[61] The increase in the availability of novels of adventure and romance to the reading public is partly accounted for by organisations such as Mudie's Circulating library, which became a Limited-Liability Company in 1864, but types of which had been in existence since the turn of the century.  The circulating library was already known, by the early nineteenth century, to Jane Austen, for example.  She refers in Northanger Abbey to the 'riot' of circulating libraries.  Jane Austen, Northanger Abbey (1818) (Oxford University Press, 1923) 113.  See Guinevere Lindlay Griest, Mudie's Circulating Library (London: David and Charles, 1971).

[62] Raymond Williams, The Long Revolution (Harmondsworth: Penguin, 1965) 215.

[63] There arose improvements in areas such as type setting, steam presses, motorised vehicles and tram cars, electric railways, street and house lighting, public libraries, larger schools, colleges and institutions of adult education.  Alan Bott, Our Fathers  (London: Heinemann, 1931) 1 - 255.

[64] For “light” and “heavy” reading see Patrick Brantlinger, “What is Sensational about the Sensational Novel”, Journal of Nineteenth Century Fiction. 37. I. (1982-3): 1-28.  In terms of different groups in a newly emerging class of readers Rider Haggard refers to what he suggests was a "superior critic" who was not "the average reader".  Rider Haggard, ed. C. J. Longman, The Days of My Life (London: Longmans, Green, 1926).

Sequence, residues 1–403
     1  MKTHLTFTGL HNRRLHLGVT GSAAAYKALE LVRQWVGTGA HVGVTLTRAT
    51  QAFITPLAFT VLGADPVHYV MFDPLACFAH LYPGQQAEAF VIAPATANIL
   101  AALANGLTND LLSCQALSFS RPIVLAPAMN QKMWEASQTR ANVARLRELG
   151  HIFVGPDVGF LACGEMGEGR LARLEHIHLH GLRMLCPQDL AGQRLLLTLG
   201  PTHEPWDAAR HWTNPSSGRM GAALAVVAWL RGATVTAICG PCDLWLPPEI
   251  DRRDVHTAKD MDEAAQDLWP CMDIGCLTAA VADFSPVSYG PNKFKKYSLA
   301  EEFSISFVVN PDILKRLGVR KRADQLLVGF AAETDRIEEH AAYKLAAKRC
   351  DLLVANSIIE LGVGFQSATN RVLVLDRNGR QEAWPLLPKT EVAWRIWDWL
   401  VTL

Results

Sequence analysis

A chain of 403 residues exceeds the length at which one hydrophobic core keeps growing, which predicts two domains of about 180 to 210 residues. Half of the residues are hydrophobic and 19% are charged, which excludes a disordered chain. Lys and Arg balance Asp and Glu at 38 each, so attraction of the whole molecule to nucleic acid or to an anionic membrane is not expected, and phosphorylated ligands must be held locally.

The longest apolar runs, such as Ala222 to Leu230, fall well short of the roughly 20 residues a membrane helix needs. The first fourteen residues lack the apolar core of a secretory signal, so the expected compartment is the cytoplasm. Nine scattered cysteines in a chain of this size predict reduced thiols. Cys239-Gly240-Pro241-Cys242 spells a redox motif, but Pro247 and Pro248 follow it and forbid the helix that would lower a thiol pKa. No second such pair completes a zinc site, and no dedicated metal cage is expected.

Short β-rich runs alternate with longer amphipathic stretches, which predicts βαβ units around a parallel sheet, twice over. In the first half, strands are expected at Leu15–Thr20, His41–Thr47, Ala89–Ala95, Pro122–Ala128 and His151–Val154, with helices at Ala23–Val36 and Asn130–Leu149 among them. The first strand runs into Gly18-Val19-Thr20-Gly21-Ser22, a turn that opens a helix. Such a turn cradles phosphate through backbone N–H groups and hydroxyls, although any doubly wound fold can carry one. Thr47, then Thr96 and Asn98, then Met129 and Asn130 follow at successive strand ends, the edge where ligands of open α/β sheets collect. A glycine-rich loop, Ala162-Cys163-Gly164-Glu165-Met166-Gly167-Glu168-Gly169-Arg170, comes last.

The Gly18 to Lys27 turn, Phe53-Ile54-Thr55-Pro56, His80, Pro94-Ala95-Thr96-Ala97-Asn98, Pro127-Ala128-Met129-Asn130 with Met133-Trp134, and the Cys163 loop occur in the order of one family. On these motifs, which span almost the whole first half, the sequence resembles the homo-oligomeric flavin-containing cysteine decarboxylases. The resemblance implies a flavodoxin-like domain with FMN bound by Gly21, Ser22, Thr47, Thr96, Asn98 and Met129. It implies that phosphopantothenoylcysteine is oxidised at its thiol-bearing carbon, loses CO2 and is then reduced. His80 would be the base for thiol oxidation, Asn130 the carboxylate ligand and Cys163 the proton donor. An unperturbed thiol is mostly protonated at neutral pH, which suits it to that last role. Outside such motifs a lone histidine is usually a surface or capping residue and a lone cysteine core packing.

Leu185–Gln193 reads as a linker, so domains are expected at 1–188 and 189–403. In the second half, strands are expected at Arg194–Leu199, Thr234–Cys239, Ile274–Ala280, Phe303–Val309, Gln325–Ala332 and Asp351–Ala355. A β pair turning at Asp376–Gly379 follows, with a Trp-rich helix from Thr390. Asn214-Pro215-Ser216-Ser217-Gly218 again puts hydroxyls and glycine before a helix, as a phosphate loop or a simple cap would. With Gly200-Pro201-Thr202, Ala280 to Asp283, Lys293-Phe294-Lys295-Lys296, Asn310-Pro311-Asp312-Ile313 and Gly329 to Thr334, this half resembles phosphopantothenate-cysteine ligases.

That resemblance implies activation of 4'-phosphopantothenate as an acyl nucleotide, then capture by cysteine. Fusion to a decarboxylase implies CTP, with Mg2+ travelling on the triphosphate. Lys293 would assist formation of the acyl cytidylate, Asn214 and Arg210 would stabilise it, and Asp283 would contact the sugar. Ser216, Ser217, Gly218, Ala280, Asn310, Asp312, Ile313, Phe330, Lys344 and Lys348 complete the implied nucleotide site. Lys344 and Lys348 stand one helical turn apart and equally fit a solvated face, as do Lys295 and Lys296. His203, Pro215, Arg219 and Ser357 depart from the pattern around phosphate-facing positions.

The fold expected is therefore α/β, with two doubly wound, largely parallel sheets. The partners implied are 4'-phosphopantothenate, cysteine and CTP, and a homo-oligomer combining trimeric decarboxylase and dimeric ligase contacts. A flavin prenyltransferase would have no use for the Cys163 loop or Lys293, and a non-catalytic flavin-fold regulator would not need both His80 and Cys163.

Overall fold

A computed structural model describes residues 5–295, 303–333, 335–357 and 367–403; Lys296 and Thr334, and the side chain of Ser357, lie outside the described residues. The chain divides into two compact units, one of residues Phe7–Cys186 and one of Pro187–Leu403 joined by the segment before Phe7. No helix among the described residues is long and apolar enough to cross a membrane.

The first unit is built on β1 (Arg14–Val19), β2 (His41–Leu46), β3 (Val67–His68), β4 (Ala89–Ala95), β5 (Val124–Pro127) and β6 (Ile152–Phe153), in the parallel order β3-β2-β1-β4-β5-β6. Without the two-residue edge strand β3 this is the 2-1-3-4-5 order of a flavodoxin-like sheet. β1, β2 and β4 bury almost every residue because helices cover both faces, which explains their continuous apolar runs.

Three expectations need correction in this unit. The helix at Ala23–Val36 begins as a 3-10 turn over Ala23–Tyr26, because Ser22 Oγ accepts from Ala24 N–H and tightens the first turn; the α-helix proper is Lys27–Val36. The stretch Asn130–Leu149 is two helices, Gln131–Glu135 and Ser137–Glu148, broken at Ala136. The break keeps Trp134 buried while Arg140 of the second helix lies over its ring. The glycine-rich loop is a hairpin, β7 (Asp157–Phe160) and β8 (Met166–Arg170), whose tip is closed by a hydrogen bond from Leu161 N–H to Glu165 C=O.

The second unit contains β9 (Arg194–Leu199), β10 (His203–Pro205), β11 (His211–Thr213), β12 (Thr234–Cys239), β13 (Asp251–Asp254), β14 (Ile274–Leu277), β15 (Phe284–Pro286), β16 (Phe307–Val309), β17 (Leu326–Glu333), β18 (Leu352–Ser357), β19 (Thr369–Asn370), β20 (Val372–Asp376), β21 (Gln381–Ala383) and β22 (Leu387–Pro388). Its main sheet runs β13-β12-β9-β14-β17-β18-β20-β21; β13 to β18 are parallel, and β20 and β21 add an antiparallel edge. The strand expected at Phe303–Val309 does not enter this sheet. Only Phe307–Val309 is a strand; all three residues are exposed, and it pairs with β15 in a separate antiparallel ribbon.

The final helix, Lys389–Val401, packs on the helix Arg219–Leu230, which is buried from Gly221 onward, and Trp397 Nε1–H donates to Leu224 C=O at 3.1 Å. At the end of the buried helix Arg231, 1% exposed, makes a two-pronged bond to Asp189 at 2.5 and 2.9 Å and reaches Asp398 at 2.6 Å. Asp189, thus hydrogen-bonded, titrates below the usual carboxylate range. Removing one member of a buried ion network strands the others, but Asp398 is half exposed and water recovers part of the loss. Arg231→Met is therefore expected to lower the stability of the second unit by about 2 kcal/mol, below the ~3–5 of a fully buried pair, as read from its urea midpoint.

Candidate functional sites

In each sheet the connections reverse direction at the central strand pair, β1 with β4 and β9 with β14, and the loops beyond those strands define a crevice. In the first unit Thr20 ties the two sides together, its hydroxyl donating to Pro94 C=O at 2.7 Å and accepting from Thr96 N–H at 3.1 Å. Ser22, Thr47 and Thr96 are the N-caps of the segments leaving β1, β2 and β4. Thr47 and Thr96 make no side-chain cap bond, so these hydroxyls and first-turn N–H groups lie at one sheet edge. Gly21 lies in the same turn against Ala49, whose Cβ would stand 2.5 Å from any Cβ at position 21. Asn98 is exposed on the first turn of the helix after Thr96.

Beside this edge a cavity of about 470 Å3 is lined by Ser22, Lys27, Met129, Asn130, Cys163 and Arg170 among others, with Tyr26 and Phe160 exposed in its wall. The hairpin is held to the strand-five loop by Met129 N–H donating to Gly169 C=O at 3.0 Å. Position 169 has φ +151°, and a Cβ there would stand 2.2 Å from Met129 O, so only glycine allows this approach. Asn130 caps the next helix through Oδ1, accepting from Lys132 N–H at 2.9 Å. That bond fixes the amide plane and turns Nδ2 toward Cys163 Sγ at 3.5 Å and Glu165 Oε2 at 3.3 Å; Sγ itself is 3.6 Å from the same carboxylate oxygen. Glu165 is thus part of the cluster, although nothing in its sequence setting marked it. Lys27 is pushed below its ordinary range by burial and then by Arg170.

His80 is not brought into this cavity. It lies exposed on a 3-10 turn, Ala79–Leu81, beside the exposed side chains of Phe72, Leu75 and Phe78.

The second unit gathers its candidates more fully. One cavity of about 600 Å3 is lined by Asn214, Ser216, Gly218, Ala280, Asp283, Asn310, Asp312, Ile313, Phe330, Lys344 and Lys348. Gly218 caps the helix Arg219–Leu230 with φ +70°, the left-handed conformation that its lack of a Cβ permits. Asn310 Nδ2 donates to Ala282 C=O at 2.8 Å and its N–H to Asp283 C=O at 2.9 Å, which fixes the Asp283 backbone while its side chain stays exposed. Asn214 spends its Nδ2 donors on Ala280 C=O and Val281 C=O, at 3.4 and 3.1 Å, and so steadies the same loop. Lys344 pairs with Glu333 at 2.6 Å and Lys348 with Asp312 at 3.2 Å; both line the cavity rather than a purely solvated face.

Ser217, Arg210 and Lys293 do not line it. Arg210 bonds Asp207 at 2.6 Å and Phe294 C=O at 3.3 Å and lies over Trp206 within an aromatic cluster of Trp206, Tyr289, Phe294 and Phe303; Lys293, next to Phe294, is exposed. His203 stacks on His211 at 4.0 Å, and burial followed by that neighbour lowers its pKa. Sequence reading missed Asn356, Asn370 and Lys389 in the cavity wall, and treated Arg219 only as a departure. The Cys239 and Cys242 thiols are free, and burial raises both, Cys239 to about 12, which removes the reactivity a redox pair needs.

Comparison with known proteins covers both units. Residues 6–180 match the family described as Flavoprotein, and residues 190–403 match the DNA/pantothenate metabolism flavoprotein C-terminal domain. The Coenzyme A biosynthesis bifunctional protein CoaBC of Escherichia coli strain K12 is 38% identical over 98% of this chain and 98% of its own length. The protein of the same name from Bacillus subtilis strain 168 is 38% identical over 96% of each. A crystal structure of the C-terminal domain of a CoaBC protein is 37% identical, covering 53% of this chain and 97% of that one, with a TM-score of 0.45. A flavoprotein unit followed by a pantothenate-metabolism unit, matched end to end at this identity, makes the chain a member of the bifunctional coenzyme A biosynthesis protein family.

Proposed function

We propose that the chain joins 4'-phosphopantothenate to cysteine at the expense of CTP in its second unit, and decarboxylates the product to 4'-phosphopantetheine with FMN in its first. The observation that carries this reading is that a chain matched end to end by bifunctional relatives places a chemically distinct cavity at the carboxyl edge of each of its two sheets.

[65] Of course, there is a distinction to be made between high culture and low culture which develops into an argument about “higher” reading and “lower” reading.  This is to be seen within the context of the commoditisation of literature and particularly novels for a wider reading public.  Another term that is employed is “low modern”, which Maria DiBattista terms a “near oxymoron” to bring to the fore the connections with literary high mindedness for the realism, accessibility and taste for such arenas as journalism and cinema that are often called “low”.  See Maria DiBattista and Lucy McDiarmid (eds.), High and Low Moderns: Literature and Culture 1889–1939 (Oxford University Press) 259.

[66] Andrew Lang, The Poetical Works of Andrew Lang, ed. Mrs Lang, quoted in P. Beresford Ellis, H. Rider Haggard: A Voice from the Infinite (London: Routledge, Kegan Paul, 1978) 119.

[67]  Commander M. E. Cheyne. Address at the Rider Haggard Festival, Ditchingham, May 1999.